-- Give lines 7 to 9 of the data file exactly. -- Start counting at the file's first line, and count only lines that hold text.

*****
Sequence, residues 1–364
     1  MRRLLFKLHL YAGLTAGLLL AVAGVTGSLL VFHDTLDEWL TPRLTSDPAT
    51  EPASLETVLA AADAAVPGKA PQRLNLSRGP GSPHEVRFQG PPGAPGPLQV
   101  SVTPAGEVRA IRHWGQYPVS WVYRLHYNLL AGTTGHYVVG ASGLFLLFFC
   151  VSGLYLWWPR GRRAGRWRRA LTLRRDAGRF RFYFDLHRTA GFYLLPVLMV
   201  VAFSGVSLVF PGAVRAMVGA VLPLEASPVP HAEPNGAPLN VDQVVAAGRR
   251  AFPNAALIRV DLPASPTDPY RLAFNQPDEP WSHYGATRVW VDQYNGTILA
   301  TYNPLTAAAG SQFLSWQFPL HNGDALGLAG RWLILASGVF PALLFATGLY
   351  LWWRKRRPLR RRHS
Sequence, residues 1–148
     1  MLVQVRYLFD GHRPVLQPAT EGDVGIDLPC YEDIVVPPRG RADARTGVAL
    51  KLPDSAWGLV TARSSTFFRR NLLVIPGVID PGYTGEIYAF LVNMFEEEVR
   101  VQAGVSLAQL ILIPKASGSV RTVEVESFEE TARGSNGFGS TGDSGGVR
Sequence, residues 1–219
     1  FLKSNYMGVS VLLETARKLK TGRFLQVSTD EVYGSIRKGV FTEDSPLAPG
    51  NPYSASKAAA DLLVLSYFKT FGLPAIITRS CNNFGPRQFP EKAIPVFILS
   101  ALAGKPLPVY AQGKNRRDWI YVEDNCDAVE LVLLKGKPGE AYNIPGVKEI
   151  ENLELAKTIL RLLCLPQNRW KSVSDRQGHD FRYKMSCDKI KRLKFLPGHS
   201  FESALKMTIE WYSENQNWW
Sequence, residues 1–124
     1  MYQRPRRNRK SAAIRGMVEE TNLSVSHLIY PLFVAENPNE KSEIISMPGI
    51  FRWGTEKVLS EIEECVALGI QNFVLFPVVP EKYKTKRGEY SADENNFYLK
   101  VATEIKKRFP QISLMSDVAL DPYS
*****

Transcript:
   251  AFPNAALIRV DLPASPTDPY RLAFNQPDEP WSHYGATRVW VDQYNGTILA
   301  TYNPLTAAAG SQFLSWQFPL HNGDALGLAG RWLILASGVF PALLFATGLY
   351  LWWRKRRPLR RRHS